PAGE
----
- Health care organisations can use email to communicate with patients – as long as they take reasonable steps to ensure patient privacy.
- Always seek and document the patient’s consent before sending their personal information using email.
- Implementing clear practice policies can help avoid privacy and patient safety breaches.
Can you use email to communicate with patients?
Patients are increasingly expecting their doctors to
communicate via email as it is often easier and more convenient
for them. Consultations via telehealth rely increasingly on email
to communicate with patients and other health professionals.
However, you may worry about whether you can send
information by email or you may think that you can only use
In fact, privacy legislation does not prescribe how you or any
health care organisation should send health information to
patients or third parties. The law states that any method of
communication can be used so long as you take reasonable
steps to protect the privacy of the patient and the security of
their health information. So, yes, you can email your patients.
Satisfying your privacy obligations – reasonable steps
The Office of the Australian Information Commissioner (‘OAIC’
– which includes Australia’s Privacy Commissioner) has outlined
the steps it considers reasonable for organisations to take when
communicating by email in its Guide to Securing Personal Information. In line with this guide, we recommend:
1. Email encryption is ideal but not essential
Using encryption is the safest way to send an email and you
should use it wherever possible.
However, the OAIC does not insist that healthcare organisations
use encryption as a minimum standard in all cases. Rather, you
need to “develop procedures to manage the transmission of
personal information via email”, recognising that email is not
necessarily a secure form of communication.
You do need to consider the type of information and whether it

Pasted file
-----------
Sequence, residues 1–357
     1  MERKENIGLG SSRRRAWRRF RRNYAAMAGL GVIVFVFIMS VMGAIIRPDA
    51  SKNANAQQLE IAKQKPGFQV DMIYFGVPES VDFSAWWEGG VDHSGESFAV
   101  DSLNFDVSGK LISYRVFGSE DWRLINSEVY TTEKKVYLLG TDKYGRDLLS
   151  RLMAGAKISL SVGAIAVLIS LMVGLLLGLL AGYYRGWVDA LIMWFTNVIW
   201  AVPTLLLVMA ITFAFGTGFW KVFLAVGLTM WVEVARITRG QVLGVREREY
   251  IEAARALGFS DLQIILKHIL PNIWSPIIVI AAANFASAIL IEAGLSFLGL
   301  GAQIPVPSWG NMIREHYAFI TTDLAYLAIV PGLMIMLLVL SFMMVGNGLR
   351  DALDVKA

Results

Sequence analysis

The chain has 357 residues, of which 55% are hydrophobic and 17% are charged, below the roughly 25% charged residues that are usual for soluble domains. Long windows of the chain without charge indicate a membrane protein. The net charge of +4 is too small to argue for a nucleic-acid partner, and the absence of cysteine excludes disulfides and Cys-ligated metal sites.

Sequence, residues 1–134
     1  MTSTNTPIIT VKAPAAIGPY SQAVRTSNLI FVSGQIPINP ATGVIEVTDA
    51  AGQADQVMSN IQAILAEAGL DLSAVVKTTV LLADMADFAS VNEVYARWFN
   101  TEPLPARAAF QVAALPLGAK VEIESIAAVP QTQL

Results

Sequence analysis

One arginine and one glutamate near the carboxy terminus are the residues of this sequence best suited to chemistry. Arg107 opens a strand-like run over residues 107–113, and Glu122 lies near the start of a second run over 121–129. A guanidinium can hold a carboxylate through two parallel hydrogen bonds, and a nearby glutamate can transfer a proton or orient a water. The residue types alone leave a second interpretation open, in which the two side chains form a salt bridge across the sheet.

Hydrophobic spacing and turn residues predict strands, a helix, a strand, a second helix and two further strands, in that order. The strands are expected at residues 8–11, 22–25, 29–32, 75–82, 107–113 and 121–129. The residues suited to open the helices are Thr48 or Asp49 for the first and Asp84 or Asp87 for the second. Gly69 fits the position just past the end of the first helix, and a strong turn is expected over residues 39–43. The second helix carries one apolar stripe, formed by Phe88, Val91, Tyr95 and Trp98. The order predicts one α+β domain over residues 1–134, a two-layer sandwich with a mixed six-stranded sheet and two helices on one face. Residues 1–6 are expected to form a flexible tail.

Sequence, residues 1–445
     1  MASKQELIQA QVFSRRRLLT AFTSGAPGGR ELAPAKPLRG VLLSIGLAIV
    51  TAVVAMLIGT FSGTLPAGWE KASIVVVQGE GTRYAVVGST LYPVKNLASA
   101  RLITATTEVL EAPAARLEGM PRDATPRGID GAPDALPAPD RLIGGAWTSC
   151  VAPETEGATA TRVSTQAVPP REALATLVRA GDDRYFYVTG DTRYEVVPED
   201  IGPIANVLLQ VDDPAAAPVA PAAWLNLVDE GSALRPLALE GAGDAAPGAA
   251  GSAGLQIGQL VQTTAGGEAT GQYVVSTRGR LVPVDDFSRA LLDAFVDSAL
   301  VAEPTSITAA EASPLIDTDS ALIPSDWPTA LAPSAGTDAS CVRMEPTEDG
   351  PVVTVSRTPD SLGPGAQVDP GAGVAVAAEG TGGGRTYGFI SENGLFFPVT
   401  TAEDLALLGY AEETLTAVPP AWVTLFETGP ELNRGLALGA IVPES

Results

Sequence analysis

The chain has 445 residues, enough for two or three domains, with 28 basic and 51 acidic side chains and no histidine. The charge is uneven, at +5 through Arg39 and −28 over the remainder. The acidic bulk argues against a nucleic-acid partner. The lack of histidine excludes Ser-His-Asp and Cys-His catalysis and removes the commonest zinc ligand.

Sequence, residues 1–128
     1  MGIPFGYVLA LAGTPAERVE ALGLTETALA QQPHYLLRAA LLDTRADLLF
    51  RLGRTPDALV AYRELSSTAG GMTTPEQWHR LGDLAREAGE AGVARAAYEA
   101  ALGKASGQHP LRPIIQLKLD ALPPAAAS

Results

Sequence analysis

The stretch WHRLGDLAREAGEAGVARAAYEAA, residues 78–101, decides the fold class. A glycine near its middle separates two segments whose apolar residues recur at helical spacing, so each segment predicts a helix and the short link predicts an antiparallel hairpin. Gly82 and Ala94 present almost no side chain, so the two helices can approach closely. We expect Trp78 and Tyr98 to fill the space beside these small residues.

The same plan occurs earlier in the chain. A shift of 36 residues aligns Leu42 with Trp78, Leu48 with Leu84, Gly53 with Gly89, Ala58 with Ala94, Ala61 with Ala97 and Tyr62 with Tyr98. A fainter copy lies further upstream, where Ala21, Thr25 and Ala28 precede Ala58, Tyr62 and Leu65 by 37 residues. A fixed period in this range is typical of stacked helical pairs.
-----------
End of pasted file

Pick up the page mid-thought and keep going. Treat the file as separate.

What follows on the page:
is appropriate to send by unsecured email, or whether you need
to take additional steps to protect it by attaching the information as a PDF document with a password. How you provide the
appropriate password to the patient is another consideration,
but options could include a separate email, an SMS or something
elected by the patient and stored in your system.
2. Have a clear policy
Just because it is easy to send an email does not mean it is
appropriate. For this reason, you need to develop practice policies
about the appropriate use of email to communicate with patients.
All staff need to be clear about what they can and cannot send by
email, and the steps they need to take if they are using email.
Even if your practice does not correspond by or encourage
email, you may still receive email from patients, so it is important
that your policies address how email will be managed.
3. Make sure you have patient consent
You may need to send information by email, for example as part
of a telehealth consultation, or in response to a patient request.
In this case, you should advise the patient about the risks
associated with unencrypted email and confirm they still wish to
have the information sent in that way.
Ideally, you would get patient consent in writing. If that is not
practical, make sure you get the patient’s verbal consent and
document it in their clinical record.
However, when sending a patient information via email, if you
have any concerns about their understanding and informed
consent about the specific email, reconfirm details and consent
with patient prior to sending.
4. Check the address before pressing send
The OAIC consistently reports that private information being
sent to the wrong recipient accounts for around one in 10
Another emerging theme is errors involving auto-complete –
where software programs default to recently or frequently
Other sources of error could involve misheard or mistyped email
addresses, or accidentally using ‘reply all’.